KarbosGuide.com. Module 5a1b.

About I/O units, continued

The contents:

  • The Internal I/O ports and units
  • The serial ports

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  • The internal I/O ports

    As mentioned, the USB is going to become the main bus for low speed devices. But so far we still use the internal "face" of the ISA bus for a range of purposes. At any PC motherboard you find these:

  • The floppy controller
  • The serial ports
  • The parallel port(s)
  • The keyboard controller

    They all occupy IRQs which is a central part of ISA architecture and a pain in the a... Let us take a moment to look at these ports and controllers.

    The serial ports

    Serial transmission means to send data from one unit to another one bit at the time. The PC architecture traditionally holds two RS232 serial ports. The RS-232 standard describes an asynchronous interface. This means that data are transmitted only when the receiving unit is ready to receive them:

    Thanks to Elmue for the clarification


    In the synchronous transmission you need two seperate cables. With every clock pulse (i.e. the positive going edge of the clock) one data bit is transferred.

    In the asynchronous transmission clock and data are transferred with only one cable.

    The clock has to be reconstructed from the mixed signal in the receiver: After a "1" start bit come 8 data bits and then a "0" stop bit (or two "0" stop bits) and so on.

    The UART chip

    The serial ports are controlled by an UART chip (Universal Asynchronous Receiver Transmitter) like 16550 AFN. This chip receives bytes from the system bus and chops them up into bits. The most common package is called 8/N/1 meaning that we send 8 bits, no parity bit and finally one stop bit. This way one byte occupies 9 bits:

    The serial transfer is limited to a speed of 115,200 bits per second. The cable can be up to 200 meter long. The serial ports can be used to connect:

  • The mouse and digitizers
  • Modems
  • ISDN adapters
  • Printers with serial interface
  • Digital cameras
  • ....

    These units are connected to the serial ports using either DB9 or DB25 plugs.

    In modern PCs most of these devices connect to the USB bus instead. This gives a much higher transfer speed.

    The parallel port

    Parallel transmission means that data are conducted through 8 separate wires - transmitting a full byte in one operation. This way the parallel transmission is speedier than the serial, but the cabling is limited to 5-10 meters. The cable is fat and unhandy, holding up to 25 wires and the transmission is controlled according to the Centronics standard.

    Most printer manufactures use a 36-pins Amphenol plug, where the PC's parallel port holds a 25-pinned connector. Hence the special printer cable. To the left you see the 25 pin connector, to the right the 36-pin:

    Then parallel port represents the most uncomplicated interface of the PC. It is always used to connect the printer, but with the bi-directional parallel port (EPP/ECP), other devices have found their way to this interface. Today you find:

  • ZIP drives
  • Portable CD-ROM drives
  • SCSI adapters
  • Digital cameras
  • Scanners all using the parallel port to connect to the system bus.

    The EPP/ECP ports

    Today we operate with Enhanced Parallel Port/Enhanced Capability Ports. This method for bi-directional (half duplex) parallel communication offers higher rates of data transfer (up to 1 megabyte per second) than the original parallel signaling method. EPP is used for non-printer peripherals, where ECP is for printers and scanners. You find the settings for the printer port in the setup program on the motherboard.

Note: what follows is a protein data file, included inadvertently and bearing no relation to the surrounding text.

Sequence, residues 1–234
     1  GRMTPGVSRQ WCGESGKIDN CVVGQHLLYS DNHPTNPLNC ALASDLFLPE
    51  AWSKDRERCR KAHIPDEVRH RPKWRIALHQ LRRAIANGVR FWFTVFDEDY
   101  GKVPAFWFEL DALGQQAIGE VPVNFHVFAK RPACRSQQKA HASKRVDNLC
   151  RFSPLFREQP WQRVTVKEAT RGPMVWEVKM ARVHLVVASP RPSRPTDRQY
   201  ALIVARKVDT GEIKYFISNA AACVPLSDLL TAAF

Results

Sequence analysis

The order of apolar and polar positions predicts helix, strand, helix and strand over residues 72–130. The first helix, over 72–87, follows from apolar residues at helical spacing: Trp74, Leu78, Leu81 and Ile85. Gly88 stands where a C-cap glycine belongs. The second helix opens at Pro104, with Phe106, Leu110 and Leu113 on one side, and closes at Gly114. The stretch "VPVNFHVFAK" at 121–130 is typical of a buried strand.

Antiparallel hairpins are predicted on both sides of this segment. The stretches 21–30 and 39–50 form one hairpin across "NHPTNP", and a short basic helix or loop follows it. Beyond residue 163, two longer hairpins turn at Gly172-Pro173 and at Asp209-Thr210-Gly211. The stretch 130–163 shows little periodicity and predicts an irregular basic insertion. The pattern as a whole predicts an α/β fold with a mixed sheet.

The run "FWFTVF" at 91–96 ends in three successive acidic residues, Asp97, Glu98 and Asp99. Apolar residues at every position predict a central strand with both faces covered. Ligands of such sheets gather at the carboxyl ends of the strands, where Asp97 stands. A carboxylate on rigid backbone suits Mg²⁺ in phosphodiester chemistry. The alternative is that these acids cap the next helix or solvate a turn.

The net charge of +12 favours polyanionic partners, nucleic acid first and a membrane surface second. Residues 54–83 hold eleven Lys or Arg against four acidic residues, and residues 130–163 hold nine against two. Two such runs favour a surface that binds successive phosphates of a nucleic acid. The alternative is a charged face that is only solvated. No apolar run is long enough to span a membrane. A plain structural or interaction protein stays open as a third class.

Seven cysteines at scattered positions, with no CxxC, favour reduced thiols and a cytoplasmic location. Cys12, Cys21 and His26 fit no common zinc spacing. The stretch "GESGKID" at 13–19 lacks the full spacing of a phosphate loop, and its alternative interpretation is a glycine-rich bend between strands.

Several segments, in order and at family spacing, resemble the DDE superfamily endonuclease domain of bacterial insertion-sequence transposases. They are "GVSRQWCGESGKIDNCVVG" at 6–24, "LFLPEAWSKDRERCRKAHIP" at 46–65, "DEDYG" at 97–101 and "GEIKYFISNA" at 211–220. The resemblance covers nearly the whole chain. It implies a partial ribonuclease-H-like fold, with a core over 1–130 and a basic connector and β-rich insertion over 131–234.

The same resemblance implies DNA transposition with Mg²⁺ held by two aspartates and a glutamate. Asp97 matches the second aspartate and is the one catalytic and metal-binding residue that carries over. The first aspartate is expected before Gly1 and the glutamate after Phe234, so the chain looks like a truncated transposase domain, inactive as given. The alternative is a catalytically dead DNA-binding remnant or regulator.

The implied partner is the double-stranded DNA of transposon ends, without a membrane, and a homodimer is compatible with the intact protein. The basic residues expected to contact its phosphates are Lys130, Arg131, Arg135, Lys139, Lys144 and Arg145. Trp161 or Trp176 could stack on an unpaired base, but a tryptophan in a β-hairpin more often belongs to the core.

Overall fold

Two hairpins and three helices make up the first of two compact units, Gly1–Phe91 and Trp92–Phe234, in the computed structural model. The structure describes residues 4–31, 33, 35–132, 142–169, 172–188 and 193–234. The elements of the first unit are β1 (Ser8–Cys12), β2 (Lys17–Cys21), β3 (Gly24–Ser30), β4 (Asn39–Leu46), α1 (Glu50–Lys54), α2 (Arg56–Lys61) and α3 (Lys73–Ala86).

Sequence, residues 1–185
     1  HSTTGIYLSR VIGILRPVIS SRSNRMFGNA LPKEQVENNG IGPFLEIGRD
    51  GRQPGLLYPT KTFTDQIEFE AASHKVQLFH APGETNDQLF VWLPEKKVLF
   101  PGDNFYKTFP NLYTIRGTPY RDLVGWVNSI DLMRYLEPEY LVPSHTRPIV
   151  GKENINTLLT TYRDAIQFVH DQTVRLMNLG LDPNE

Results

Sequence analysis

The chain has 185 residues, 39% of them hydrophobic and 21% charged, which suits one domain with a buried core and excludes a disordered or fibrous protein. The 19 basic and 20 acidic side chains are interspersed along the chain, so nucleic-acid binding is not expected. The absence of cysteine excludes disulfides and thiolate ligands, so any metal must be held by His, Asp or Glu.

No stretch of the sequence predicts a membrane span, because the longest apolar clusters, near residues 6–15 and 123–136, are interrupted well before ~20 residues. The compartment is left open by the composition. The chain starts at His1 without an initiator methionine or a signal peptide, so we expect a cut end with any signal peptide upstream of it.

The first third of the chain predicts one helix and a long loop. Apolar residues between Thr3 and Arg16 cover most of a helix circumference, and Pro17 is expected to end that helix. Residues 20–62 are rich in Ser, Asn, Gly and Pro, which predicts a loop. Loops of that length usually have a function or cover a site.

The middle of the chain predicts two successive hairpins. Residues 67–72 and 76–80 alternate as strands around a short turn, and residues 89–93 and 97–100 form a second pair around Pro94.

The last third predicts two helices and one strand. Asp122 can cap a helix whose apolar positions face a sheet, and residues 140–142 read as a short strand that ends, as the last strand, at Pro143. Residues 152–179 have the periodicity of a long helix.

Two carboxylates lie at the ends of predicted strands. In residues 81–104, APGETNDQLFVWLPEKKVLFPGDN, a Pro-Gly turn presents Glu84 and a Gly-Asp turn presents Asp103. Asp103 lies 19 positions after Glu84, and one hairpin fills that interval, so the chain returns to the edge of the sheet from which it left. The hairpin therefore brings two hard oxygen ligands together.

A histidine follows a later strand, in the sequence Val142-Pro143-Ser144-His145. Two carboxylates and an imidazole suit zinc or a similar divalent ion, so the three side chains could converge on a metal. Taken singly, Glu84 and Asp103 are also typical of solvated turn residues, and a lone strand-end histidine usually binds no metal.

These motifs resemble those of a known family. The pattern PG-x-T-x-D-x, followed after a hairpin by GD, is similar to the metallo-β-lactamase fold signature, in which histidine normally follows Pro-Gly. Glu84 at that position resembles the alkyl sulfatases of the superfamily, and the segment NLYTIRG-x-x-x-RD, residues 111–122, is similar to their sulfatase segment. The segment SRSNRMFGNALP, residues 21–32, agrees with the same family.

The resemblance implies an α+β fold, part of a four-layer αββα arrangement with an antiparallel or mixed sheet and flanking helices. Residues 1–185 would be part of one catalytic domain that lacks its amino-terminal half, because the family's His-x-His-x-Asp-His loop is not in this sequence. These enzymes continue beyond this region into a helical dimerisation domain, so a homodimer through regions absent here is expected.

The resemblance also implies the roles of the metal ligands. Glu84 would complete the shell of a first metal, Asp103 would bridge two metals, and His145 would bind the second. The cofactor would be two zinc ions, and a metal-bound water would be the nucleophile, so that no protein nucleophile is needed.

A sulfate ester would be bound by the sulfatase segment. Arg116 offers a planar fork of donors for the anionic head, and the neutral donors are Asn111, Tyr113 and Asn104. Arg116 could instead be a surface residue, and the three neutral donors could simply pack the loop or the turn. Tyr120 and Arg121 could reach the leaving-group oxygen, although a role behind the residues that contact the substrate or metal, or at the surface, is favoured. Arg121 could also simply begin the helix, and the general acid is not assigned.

Both port types are parts of the IEEE1284 standard, which also includes Centronics.

    To get the best results all the involved hardware and the operating system has to be EPP/ECP compatible. Windows supports IEEE1284 in its parallel plug-and-play feature. It also supports ECP if you have a printer and a parallel port with ECP. The printer cable has to be complete with all 25 wires connected.

    The keyboard

    Traditionally the keyboard is connected using a DIN or PS/2 mini DIN plug. Soon we shall have USB keyboards but the old ones connect to the internal ISA bus occupying an IRQ.

    The keyboard operates with scan codes, which are generated each time a key is pressed and released. The scan codes are translated into ASCII values, which are translated according to the code pages (see module 1a and 1b). Here you see a simple illustration of the system:

    This system is quite flexible because it allows for arbitrary remapping of the keyboard codes. This is especially useful if you find the placement of the Caps Lock and Control keys awkward. It's a simple matter to remap them to swap places.

    Each key generates a unique scan code. This happens completely independent of the typeface that is printed on the plastic key.

    At the other end, the code pages represents a programmable interpretation of the key press; you can assign any type to any key as you want it. Languages like German and French use different keyboard layouts as well as many other languages.

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    Learn more

    Read: Module 5b about EIDE, Ultra DMA and AGP.

    Read Module 5c about SCSI, USB etc.

    Read A little about Windows 95/98.

    Read Module 6c about the relationship between BIOS, OS and hardware

    Read Module 7a about the videosystem

    Read about video cards in Module 7b.

    Read about digital sound in Module 7c.

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    Copyright (c) 1996-2005 by Michael B. Karbo. www.karbosguide.com.